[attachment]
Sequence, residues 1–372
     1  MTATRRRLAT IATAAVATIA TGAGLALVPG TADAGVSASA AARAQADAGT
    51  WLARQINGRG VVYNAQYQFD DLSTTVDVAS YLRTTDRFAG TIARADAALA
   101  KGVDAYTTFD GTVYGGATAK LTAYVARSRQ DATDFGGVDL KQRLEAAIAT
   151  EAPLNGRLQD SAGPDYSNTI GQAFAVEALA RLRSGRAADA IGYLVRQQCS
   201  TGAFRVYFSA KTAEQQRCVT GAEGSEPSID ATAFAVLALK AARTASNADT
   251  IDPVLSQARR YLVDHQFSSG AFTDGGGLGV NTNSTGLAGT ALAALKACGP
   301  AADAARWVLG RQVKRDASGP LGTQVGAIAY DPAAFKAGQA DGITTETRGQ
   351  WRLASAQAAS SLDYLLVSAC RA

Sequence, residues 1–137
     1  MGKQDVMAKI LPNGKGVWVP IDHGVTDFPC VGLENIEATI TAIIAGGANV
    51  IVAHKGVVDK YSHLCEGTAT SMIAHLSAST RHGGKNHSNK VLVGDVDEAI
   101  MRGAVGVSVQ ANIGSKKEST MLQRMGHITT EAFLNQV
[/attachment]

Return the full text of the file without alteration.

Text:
Sequence, residues 1–372
     1  MTATRRRLAT IATAAVATIA TGAGLALVPG TADAGVSASA AARAQADAGT
    51  WLARQINGRG VVYNAQYQFD DLSTTVDVAS YLRTTDRFAG TIARADAALA
   101  KGVDAYTTFD GTVYGGATAK LTAYVARSRQ DATDFGGVDL KQRLEAAIAT
   151  EAPLNGRLQD SAGPDYSNTI GQAFAVEALA RLRSGRAADA IGYLVRQQCS
   201  TGAFRVYFSA KTAEQQRCVT GAEGSEPSID ATAFAVLALK AARTASNADT
   251  IDPVLSQARR YLVDHQFSSG AFTDGGGLGV NTNSTGLAGT ALAALKACGP
   301  AADAARWVLG RQVKRDASGP LGTQVGAIAY DPAAFKAGQA DGITTETRGQ
   351  WRLASAQAAS SLDYLLVSAC RA

Sequence, residues 1–137
     1  MGKQDVMAKI LPNGKGVWVP IDHGVTDFPC VGLENIEATI TAIIAGGANV
    51  IVAHKGVVDK YSHLCEGTAT SMIAHLSAST RHGGKNHSNK VLVGDVDEAI
   101  MRGAVGVSVQ ANIGSKKEST MLQRMGHITT EAFLNQV